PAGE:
What are the signs of dyslexia in children?

March 18, 2024

What are the signs of dyslexia in children?
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Dyslexia is a learning disorder which causes problems for your brain’s capacity to comprehend written text. Individuals who suffer from dyslexia struggle with reading and associated skills. Dyslexia is a highly treatable condition.

What is dyslexia?

A learning condition called dyslexia makes reading and language-related skills more difficult. It occurs as a result of abnormalities in the way your brain interprets written language. The majority of people discover they have dyslexia in childhood, and it’s usually a lifetime condition. Developmental dyslexia is another term for this type of dyslexia.

There are three primary subtypes of dyslexia:

  • Dyslexia in reading.
  • Dyslexia in writing (dysgraphia).
  • Dyslexia in mathematics (dyscalculia).

Having difficulty learning to read is the most prevalent symptom of dyslexia. It influences a child’s capacity to identify and work with linguistic sounds. It might be difficult for children with dyslexia to comprehend new words or break them down into small enough pieces that they can sound out. Spelling, writing, and reading become challenging as a result. Although they might make up for it by learning new words by heart, they might struggle to recall even well-known ones and take longer to do so.

What can cause dyslexia?

Dyslexia’s exact causes are still unclear, but several indicators suggest how and why most cases occur. 

  • Dyslexia is highly genetic and tends to run in families, with a 30% to 50% chance of a child born to someone with dyslexia also having it. Genetic conditions such as Down syndrome can also predispose someone to dyslexia.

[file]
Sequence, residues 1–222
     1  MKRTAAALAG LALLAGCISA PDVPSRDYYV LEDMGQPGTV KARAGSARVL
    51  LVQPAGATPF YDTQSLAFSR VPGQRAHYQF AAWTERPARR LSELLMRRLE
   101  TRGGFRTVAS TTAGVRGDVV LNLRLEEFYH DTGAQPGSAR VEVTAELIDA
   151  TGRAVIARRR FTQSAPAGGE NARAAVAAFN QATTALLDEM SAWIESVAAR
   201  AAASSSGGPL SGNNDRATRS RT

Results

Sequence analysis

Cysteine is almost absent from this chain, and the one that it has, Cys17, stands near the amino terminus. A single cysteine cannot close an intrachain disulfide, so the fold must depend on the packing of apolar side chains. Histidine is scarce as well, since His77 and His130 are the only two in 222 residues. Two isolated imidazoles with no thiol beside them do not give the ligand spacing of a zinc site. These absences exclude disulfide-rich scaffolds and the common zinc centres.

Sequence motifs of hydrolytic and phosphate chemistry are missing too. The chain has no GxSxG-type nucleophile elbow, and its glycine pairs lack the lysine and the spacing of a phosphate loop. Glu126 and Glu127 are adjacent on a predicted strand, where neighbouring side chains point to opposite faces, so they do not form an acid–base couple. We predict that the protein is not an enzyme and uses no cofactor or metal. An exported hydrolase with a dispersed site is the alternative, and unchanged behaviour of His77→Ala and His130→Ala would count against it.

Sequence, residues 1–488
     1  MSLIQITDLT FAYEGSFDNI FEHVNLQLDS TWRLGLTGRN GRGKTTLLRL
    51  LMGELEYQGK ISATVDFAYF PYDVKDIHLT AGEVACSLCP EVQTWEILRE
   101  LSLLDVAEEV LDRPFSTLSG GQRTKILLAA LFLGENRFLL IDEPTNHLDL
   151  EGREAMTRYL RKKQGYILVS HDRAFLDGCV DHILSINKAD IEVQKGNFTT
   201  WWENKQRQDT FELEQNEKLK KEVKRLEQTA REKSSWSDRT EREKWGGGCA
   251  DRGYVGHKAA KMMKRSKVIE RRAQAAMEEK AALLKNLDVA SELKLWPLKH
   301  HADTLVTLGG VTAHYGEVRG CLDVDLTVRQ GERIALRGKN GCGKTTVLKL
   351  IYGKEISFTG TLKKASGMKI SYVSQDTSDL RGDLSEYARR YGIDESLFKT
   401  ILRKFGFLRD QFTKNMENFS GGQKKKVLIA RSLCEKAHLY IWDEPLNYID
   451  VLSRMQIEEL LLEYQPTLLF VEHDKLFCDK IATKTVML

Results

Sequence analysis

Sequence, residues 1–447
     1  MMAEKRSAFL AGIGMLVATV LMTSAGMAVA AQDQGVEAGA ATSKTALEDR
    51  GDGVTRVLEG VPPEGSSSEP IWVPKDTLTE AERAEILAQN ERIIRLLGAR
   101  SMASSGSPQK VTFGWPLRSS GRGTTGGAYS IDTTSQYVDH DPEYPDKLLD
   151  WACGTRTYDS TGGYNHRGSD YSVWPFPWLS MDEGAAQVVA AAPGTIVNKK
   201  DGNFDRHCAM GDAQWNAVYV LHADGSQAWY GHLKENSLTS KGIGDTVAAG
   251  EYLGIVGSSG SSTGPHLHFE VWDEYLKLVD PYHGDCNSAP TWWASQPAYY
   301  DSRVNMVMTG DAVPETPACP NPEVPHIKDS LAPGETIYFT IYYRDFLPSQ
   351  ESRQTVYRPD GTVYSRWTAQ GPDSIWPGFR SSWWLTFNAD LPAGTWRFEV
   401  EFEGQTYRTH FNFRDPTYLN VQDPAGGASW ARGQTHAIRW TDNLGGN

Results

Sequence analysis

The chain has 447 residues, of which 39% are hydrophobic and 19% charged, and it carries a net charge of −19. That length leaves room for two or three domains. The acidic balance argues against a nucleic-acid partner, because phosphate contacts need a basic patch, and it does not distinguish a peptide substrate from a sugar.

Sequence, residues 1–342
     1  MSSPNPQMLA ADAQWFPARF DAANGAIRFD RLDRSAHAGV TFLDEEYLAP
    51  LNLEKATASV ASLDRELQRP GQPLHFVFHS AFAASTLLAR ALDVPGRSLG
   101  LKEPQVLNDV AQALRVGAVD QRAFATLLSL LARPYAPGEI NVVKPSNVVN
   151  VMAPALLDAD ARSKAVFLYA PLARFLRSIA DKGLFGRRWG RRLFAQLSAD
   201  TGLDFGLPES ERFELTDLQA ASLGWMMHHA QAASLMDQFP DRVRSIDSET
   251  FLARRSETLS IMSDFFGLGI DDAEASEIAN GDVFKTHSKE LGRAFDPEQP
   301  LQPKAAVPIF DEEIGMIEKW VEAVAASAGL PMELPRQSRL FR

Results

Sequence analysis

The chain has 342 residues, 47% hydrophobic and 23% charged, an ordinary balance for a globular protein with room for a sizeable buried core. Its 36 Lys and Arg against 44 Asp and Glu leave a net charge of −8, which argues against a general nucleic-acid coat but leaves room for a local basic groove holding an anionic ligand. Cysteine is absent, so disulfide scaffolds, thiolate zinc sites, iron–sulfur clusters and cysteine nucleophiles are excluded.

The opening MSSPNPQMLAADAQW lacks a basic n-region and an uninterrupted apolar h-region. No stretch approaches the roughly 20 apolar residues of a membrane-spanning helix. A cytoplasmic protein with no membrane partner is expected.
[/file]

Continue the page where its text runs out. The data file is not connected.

• Dyslexia is a form of neurodivergence, indicating that the brain was not designed or does not function the way it should. Studies show that the chemistry, structure, and function of the brain differ in dyslexics. 
  • Events such as infections and toxic exposures can interfere with foetal development, altering the structure and function of the brain and raising the risk of dyslexia developing later in life.

What are the risk factors for dyslexia?

The development of dyslexia can be influenced by several risk factors. These factors include but are not limited to:

  • Exposure to toxins: Pollution of the air and water can increase the likelihood of dyslexia. This is particularly true with nicotine, various compounds used as flame retardants, and heavy metals such as lead or manganese.
  • Limited access to reading materials: Children raised in homes with limited access to reading materials or discouraged reading habits are more likely to develop dyslexia.
  • Constraints of the learning environment: Children who receive less learning support at school or similar settings are more prone to dyslexia.


What are the symptoms of dyslexia?

Every individual with dyslexia experiences different indications and symptoms, resulting in a unique set of abilities and limitations.Below is a list of some of the most typical dyslexic symptoms.

Kids with dyslexia may have their writing affected in the following ways:

  • Low quality writing compared to oral skills
  • Messy writing with lots of crossed-out words and repeated usage of words like “wipe,” “wype,” “wiep,” and ” wipe.”
  • Bewildered by similar-looking letters, especially b/d, p/g, p/q, n/u, and m/w
  • Messy letter formation and a lot of “reversals” in the handwriting
  • Misspelling a term multiple times in a single piece of writing
  • Creating word anagrams, such as “tired” for “tried” and “bread” for “beard.”
  • Producing written work that is ill-organised and deviates from the margin
  • Inappropriate spelling and phonetic writing due to poor pencil grip are not age- or ability-appropriate.
  • Employing a peculiar letter or word order

Kids with dyslexia face the following problems while reading:

  • Reading progress is slow.
  • Has trouble separating sounds into separate syllables and understanding the beginnings and ends of words. 
  • Has trouble fitting letters together.
  • Words are spoken strangely.
  • Poor understanding of what is being read and without expression.
  • Reading slowly and laboriously, particularly when reading aloud.
  • Omitting words from reading or inserting unnecessary words.
  • Unable to recognize words that are familiar.
  • Finding it difficult to identify the most crucial details from a paragraph.
  • Losing the meaning of a tale they are reading or writing.

Kids with dyslexia face the following problems in dealing with numbers:

  • Misunderstanding place value, such as hundreds, tens, or units.